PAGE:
The Intruders: Unreasonable Searches and Seizures from King John to John Ashcroft

By Samuel Dash | Go to book overview

CHAPTER 4
The Plate-Glass Duty Fraud Case

In order to ascertain the nature of the proceedings intended by the Fourth Amendment to
the Constitution under the term unreasonable searches and seizures, it is only necessary
to recall the contemporary or the recent history of the controversies on the subject, both
in this country and in England
.

Justice Bradley in Boyd v. United States, 1 16 U.S. 616
(1885)

Despite the flame of fire James Otis must have been in his argument against writs of assistance, and which John Adams said sparked the Revolution and freedom, the Bill of Rights’ Fourth Amendment protection against unreasonable searches and seizures did not become an issue before the U.S. Supreme Court until close to one hundred years after the ratification of that crucial amendment. Why was this so?1 Were there no searches and seizures by federal officers during the first hundred years of governance under the new Constitution by the new federal government? Apparently, there were none as occurred in England before the Revolution or as we know them today. The only federal police in the first half of the nineteenth century were U.S. marshals, authorized by Congress in the Federal Judiciary Act of 1789. Very few federal crimes were enacted by a Congress that was extremely sensitive to its limited powers and to the hostility of the states to the federal government’s intrusion into the criminal law enforcement of the states. Congress did not have power to adopt the English common law crimes into federal law. It

-46-

Notes for this page

Add a new note
If you are trying to select text to create highlights or citations, remember that you must now click or tap on the first word, and then click or tap on the last word.
One moment ...
Default project is now your active project.
Project items

Items saved from this book

This book has been saved
Highlights (0)
Some of your highlights are legacy items.

Highlights saved before July 30, 2012 will not be displayed on their respective source pages.

You can easily re-create the highlights by opening the book page or article, selecting the text, and clicking “Highlight.”

Citations (0)
Some of your citations are legacy items.

Any citation created before July 30, 2012 will labeled as a “Cited page.” New citations will be saved as cited passages, pages or articles.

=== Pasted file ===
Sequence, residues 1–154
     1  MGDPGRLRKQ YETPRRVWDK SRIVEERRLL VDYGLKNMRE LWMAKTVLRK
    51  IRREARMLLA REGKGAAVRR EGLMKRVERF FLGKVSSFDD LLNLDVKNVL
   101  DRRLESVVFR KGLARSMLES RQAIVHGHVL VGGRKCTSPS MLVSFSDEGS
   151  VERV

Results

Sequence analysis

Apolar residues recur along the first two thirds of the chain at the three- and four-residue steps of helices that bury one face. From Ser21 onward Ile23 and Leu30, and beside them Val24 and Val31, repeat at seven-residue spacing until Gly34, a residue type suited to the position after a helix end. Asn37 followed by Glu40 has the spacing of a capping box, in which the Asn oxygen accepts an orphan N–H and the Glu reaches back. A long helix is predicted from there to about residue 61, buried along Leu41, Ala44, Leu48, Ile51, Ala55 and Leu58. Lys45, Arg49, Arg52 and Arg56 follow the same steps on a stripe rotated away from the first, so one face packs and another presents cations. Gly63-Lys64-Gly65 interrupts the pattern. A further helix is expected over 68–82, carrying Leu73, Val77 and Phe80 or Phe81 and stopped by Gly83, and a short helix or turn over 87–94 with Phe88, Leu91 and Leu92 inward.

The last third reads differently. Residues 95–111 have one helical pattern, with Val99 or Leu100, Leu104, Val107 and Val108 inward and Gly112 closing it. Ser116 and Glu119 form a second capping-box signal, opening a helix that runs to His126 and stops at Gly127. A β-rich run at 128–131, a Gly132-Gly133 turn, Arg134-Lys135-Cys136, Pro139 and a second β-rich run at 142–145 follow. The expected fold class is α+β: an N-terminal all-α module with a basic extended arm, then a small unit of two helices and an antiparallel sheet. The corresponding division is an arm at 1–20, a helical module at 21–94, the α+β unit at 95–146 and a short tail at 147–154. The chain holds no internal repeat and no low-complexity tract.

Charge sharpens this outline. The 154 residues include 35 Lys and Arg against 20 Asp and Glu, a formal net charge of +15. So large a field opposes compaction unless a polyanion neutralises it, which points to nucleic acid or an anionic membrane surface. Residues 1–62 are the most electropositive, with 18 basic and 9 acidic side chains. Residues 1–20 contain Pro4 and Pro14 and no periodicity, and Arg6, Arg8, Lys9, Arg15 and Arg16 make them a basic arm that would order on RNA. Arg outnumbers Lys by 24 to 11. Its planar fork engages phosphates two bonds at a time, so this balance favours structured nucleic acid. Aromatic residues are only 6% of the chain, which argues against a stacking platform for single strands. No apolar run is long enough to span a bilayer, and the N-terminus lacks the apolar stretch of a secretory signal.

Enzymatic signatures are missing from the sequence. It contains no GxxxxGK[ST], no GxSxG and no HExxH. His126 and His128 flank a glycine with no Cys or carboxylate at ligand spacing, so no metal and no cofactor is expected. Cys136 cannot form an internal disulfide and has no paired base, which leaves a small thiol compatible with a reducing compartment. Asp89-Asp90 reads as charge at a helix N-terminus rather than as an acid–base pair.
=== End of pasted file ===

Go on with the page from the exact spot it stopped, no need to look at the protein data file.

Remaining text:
We also added the ability to view new citations from your projects or the book or article where you created them.

Notes (0)
Bookmarks (0)

You have no saved items from this book

Project items include:
  • Saved book/article
  • Highlights
  • Quotes/citations
  • Notes
  • Bookmarks
Notes
Cite this page

Cited page

Style
Citations are available only to our active members.
Buy instant access to cite pages or passages in MLA, APA and Chicago citation styles.

(Einhorn, 1992, p. 25)

(Einhorn 25)

1. Lois J. Einhorn, Abraham Lincoln, the Orator: Penetrating the Lincoln Legend (Westport, CT: Greenwood Press, 1992), 25, http://www.questia.com/read/27419298.

Cited page

Bookmark this page
The Intruders: Unreasonable Searches and Seizures from King John to John Ashcroft
Table of contents

Table of contents

  • Title Page iii
  • Contents vii
  • Contents viii
  • Acknowledgments ix
  • Prologue 1
  • Chapter 1 - The Legend of the Magna Carta 11
  • Chapter 2 - Wilkes and Liberty 26
  • Chapter 3 - A Flame of Fire 36
  • Chapter 4 - The Plate-Glass Duty Fraud Case 46
  • Chapter 5 - The Exclusionary Rule 57
  • Chapter 6 - The Case of the [Whispering Wires] 72
  • Chapter 7 - Dolly Mapp 93
  • Chapter 8 - Smothering the Flame 105
  • Chapter 9 - War on Terror: Security and Liberty 132
  • Notes 153
  • Index 165
  • About the Author 173
Settings

Settings

Typeface
Text size Smaller Larger Reset View mode
Search within

Search within this book

Look up

Look up a word

  • Dictionary
  • Thesaurus
Please submit a word or phrase above.
Print this page

Print this page

Why can't I print more than one page at a time?

Help
Full screen
/ 174

matching results for page

    Questia reader help

    How to highlight and cite specific passages

    1. Click or tap the first word you want to select.
    2. Click or tap the last word you want to select, and you’ll see everything in between get selected.
    3. You’ll then get a menu of options like creating a highlight or a citation from that passage of text.

    OK, got it!

    Cited passage

    Style
    Citations are available only to our active members.
    Buy instant access to cite pages or passages in MLA, APA and Chicago citation styles.

    "Portraying himself as an honest, ordinary person helped Lincoln identify with his audiences." (Einhorn, 1992, p. 25).

    "Portraying himself as an honest, ordinary person helped Lincoln identify with his audiences." (Einhorn 25)

    "Portraying himself as an honest, ordinary person helped Lincoln identify with his audiences."1

    1. Lois J. Einhorn, Abraham Lincoln, the Orator: Penetrating the Lincoln Legend (Westport, CT: Greenwood Press, 1992), 25, http://www.questia.com/read/27419298.

    Cited passage

    Thanks for trying Questia!

    Please continue trying out our research tools, but please note, full functionality is available only to our active members.

    Your work will be lost once you leave this Web page.

    Buy instant access to save your work.

    Already a member? Log in now.

    Author Advanced search

    Oops!

    An unknown error has occurred. Please click the button below to reload the page. If the problem persists, please try again in a little while.